Losing a loved one is hard enough without having to worry about paperwork and legal requirements. Rountree Law can help you navigate the complicated probate laws and processes.
Navigating Georgia's Probate Process can be complicated and frustrating. In order to begin the process you need to have the correct forms, and gather proper supporting documents. You also need to understand the local customs of your county. Not all probate courts throughout the state operate the same way. While they do, generally, require the same documents, the detail each requires, and the manner in which they process documents can be confusing. Rountree Law takes care of these issues for you, and helps you get the estate settled faster.
A will is not required to probate an estate. A will acts as instructions for the personal representatives to distribute that estate according to the decedent's wishes. If there isn't a set of instructions to follow, i.e. a will, then the personal representative must distribute the estate according to the statute.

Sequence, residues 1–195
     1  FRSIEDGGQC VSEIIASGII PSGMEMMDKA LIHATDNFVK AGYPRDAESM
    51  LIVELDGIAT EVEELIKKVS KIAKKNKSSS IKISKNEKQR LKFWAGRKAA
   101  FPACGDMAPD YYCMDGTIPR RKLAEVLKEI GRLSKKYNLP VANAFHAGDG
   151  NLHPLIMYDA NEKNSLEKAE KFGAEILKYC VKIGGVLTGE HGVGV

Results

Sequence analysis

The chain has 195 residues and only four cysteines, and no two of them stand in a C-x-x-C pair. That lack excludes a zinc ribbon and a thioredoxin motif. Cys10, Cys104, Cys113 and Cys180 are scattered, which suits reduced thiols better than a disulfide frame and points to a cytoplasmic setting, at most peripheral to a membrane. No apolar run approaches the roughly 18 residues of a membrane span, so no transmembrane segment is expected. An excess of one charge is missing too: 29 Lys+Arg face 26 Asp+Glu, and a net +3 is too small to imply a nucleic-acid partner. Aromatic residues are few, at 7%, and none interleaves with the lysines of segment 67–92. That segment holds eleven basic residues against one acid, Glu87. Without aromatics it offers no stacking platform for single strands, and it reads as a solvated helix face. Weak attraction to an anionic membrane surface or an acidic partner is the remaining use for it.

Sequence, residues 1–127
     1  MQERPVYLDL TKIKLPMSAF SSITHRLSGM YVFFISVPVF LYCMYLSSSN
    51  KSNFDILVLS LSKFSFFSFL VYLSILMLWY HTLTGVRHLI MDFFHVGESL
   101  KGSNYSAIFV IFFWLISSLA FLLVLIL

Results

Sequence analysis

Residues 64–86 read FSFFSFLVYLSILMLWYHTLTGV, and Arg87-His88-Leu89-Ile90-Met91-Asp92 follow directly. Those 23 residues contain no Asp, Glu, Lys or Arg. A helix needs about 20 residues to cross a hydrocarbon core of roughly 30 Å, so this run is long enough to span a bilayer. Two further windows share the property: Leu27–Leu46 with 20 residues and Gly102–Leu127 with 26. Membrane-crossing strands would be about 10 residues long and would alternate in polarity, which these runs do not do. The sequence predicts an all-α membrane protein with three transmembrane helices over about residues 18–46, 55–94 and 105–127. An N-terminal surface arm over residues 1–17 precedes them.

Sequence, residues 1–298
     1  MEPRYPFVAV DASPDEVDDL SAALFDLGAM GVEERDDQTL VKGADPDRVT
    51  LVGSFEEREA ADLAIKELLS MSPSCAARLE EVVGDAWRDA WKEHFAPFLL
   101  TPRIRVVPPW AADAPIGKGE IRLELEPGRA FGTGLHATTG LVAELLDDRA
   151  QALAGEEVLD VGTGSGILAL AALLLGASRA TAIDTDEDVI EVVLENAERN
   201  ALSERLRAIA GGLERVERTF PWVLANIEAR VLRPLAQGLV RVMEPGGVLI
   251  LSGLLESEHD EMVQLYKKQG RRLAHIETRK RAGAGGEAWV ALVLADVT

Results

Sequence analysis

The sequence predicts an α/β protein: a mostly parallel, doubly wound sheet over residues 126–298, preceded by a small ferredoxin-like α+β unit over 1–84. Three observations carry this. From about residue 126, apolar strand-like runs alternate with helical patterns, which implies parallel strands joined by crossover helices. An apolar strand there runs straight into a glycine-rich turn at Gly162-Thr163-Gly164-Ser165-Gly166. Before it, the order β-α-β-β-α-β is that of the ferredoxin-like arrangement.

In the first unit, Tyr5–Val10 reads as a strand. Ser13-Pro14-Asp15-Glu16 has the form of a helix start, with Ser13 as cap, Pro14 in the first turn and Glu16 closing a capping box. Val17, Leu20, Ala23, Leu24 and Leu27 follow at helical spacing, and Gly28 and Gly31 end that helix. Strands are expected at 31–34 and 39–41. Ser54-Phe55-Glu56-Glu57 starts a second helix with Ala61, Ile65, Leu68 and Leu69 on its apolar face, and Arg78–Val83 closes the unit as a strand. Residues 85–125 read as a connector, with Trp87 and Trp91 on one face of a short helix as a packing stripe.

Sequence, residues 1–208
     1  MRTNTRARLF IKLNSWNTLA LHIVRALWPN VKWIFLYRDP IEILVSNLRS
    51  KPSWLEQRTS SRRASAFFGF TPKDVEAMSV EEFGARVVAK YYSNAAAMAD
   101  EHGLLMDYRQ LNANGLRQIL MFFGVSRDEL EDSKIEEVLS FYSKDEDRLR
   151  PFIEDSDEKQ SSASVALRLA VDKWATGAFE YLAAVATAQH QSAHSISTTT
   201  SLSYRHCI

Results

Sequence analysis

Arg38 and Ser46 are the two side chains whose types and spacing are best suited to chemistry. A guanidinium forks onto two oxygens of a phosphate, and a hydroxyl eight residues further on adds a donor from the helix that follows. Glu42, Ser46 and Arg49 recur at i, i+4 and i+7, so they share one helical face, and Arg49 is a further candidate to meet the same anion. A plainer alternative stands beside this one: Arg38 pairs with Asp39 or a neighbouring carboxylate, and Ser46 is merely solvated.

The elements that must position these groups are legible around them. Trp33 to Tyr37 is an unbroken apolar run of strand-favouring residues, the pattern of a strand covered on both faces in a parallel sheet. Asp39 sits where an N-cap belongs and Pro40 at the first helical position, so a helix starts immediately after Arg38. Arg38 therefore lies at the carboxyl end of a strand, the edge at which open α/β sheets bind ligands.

Ordinarily, only the person or persons named on the safe deposit box can gain entry into that box even when the listed owner has passed away. However, if a person knows, or is pretty sure, that the safe deposit box contains a will, there is a petition that can be filed with the Probate Court for permission to enter the safe deposit box, specifically, and solely for the purpose of retrieving the will. Understand, however, that you will not be allowed to take anything out, and if the will is located, the bank generally will send it directly to the probate court that issued the order.
The probate process is intended to settle a deceased person's estate. Settle does not just mean distributing gifts to beneficiaries. It also means settling up with creditors. The probate process sets up a mechanism for notifying creditors and allowing them the opportunity to state claims within a certain time. If you, as the executor distribute money to a beneficiary before you settle a creditor's claim, you may be personally liable to that creditor. Therefore, you need to make sure that all notices are properly filed and claims are addressed before distributing any gifts.